INFJs also need privacy to make the many intuitive connections they do and to develop their creative ideas and visions. For them, the creative process is essentially a solitary one. In fact, a high and productive level of creative energy very often requires that they work alone. Percolating their ideas inside allows a sort of positive pressure to build up, enabling them to push the idea further than they would if they shared it prematurely. Bringing the idea out into the light (and noise) of the external day defuses some of its energy and its power. Therefore, many INFJs will avoid showing their creative writing or drawing to anyone until it is finished. Comments or suggestions from caring onlookers may spoil the whole project for them. Well-meaning parents assume they are actively encouraging their child by offering compliments or suggestions and may be understandably confused when the child balls up the paper or loses interest in the project. It is usually best to stay silent until the project is finished or the child seeks a reaction. Then compliments are welcome and are, in fact, an important form of appreciation and praise. INFJs like to hear that their work is good, pleasing, or interesting. Just wait until they ask. Parents can encourage their INFJs by simply providing the time, space, materials, and the essential quiet to create. Those actions speak much louder than words.
However, perhaps the most confounding quality of INFJs is their tendency toward perfectionism. Because they are most interested in projects that are complex and substantive, they can find themselves over their heads with the sheer amount of work—all of it is self-imposed! They will work so hard, reworking, adjusting, correcting, refiguring, and perfecting what they do, they run the risk of exhausting themselves or becoming discouraged if the product never truly measures up to their expectations and ideals. In addition, since their ideals can be unrealistic, this is a real possibility. Loving and concerned parents may find it hard to know just how to help their child with this frustration.
Like most INFJs, Nelson tended to take himself and his ideas quite seriously. When things did not work out as he hoped, Nelson often became morose and negative. His parents knew that pointing out the humour in the situation as it was happening only made Nelson feel worse—because he assumed they were laughing at him rather than at the circumstances. Instead, they continued to model their own ability to see the humour in life, and to laugh at themselves. After giving the incident a few days to lose some of its emotional charge, or after it had been resolved in some fashion, they could look back with Nelson and find the lessons in the experience. A time lapse helped provide a necessary cushion for Nelson to be able to see the whole experience from a new perspective. Learning to relax and take things as they come would always be a learned skill for Nelson, rather than a natural talent.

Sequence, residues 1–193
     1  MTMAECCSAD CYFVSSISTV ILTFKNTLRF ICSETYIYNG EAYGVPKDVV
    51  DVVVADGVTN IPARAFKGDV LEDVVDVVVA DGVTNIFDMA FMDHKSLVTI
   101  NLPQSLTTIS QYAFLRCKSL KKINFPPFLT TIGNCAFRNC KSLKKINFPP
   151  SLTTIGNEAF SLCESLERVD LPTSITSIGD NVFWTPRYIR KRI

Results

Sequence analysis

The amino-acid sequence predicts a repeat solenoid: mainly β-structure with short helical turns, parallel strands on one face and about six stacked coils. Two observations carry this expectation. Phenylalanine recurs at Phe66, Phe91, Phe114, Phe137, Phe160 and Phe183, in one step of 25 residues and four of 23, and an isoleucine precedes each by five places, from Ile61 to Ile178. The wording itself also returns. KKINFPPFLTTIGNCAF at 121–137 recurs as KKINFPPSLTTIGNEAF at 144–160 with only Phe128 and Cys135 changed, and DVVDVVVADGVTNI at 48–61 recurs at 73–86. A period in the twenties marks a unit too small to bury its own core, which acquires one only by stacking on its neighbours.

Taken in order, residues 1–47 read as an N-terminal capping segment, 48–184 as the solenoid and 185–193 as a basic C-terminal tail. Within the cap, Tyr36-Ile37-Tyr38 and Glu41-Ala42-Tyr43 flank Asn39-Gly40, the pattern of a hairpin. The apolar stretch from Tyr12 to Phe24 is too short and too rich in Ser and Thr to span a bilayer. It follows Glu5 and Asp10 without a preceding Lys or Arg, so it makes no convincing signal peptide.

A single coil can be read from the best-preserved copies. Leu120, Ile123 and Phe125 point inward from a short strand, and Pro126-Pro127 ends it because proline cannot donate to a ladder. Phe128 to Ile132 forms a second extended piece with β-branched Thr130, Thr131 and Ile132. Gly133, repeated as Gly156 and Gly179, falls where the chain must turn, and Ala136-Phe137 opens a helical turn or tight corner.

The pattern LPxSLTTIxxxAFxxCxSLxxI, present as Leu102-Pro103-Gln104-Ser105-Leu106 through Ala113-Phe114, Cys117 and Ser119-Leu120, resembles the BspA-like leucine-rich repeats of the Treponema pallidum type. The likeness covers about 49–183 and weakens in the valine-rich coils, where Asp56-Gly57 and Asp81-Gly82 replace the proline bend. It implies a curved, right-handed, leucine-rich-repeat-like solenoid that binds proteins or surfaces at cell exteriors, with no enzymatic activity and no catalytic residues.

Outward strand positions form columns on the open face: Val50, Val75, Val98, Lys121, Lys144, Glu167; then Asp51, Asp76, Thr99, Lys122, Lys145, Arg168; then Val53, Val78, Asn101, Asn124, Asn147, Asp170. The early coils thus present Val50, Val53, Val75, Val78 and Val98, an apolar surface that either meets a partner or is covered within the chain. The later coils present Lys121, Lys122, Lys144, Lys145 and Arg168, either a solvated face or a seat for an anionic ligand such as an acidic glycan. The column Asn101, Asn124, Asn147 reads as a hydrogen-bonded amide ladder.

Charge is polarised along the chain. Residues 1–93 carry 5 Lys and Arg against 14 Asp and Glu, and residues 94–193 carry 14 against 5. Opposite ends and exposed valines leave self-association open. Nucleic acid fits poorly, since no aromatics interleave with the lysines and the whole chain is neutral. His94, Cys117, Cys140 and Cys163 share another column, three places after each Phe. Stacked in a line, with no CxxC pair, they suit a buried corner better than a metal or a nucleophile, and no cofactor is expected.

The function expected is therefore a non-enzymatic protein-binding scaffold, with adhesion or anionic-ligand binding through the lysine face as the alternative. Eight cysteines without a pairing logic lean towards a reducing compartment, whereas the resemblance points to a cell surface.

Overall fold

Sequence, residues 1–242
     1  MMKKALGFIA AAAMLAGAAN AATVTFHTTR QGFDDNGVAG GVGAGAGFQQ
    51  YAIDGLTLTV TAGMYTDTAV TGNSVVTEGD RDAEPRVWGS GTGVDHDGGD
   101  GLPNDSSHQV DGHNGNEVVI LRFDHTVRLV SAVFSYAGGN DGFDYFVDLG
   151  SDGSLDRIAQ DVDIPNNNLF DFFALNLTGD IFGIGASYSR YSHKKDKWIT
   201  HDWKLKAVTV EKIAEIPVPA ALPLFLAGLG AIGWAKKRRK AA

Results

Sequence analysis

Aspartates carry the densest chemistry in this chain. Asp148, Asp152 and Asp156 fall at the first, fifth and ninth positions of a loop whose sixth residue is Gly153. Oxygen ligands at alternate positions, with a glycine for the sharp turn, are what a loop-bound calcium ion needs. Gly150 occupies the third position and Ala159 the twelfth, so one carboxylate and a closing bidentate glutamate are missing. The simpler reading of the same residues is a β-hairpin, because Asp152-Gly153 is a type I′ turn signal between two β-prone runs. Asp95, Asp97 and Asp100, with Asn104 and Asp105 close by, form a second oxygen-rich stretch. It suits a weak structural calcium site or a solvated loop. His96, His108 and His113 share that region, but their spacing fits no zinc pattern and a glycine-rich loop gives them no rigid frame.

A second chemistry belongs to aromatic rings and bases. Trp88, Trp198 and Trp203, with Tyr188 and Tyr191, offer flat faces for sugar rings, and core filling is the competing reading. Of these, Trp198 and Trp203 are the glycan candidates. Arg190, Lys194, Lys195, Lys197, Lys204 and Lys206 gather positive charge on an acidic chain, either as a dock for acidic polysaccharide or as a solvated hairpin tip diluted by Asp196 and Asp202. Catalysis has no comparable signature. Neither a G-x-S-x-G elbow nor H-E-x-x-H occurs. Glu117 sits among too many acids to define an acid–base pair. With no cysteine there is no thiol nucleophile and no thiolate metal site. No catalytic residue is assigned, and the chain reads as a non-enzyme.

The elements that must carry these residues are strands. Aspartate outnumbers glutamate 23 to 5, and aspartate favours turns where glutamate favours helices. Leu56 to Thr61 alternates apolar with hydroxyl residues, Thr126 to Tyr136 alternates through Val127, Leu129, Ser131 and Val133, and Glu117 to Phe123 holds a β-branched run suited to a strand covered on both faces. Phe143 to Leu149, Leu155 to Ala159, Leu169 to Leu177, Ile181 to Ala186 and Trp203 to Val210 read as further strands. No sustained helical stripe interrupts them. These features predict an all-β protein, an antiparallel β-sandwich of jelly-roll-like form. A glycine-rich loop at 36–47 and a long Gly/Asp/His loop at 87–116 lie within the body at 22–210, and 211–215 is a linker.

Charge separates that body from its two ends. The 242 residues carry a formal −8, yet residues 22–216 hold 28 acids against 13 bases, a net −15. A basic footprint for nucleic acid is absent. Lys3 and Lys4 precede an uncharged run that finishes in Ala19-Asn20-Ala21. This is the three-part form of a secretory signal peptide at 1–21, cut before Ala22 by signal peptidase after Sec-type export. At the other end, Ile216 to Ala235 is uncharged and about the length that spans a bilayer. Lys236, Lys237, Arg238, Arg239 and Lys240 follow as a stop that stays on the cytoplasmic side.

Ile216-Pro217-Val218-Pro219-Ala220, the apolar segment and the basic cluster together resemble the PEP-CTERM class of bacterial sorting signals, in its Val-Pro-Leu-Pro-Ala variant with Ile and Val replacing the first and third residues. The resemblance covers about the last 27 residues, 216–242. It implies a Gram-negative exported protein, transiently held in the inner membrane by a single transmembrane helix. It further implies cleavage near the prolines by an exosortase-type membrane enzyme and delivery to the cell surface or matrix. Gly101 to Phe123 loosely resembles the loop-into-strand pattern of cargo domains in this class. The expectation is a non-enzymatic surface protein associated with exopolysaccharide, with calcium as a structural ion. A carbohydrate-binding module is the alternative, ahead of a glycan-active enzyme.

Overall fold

Age 11 to 16
Adolescence is a difficult time for all children. So many changes and so many of them inexplicable and confusing. However, for INFJs, the time can be particularly hard because of the combination of their strong need for structure and control and their discomfort in the external world. The INFJs who are the least traumatised by the experience are usually the ones with one very close, trusted friend to confide in with whom they can navigate the choppy waters of an unpredictable and rapidly changing social world. However, the teasing and tormenting of middle school or junior high may simply have to be endured.
Peter confided in his father that some of the boys at school gave him a hard time every day in the halls. He came to dread certain corridors because they were always there. He knew they were just looking for a reaction and he tried to ignore them, but it was so intimidating he found he just could not. His father asked him to fantasise with him and create a fantasy scenario in which he was out of their reach and where these boys had no effect. Peter thought about it for a few minutes and said he could imagine himself a knight in armour on a huge black horse. His dad suggested he figuratively wrap himself in armour and carry an iron shield with him through the halls. If he could focus on the fantasy, he might very well be able to ignore his tormentors. Peter smiled and said he would try it. His father had wisely helped him find a solution to a problem in the real world by using the rich talents of his imaginary world.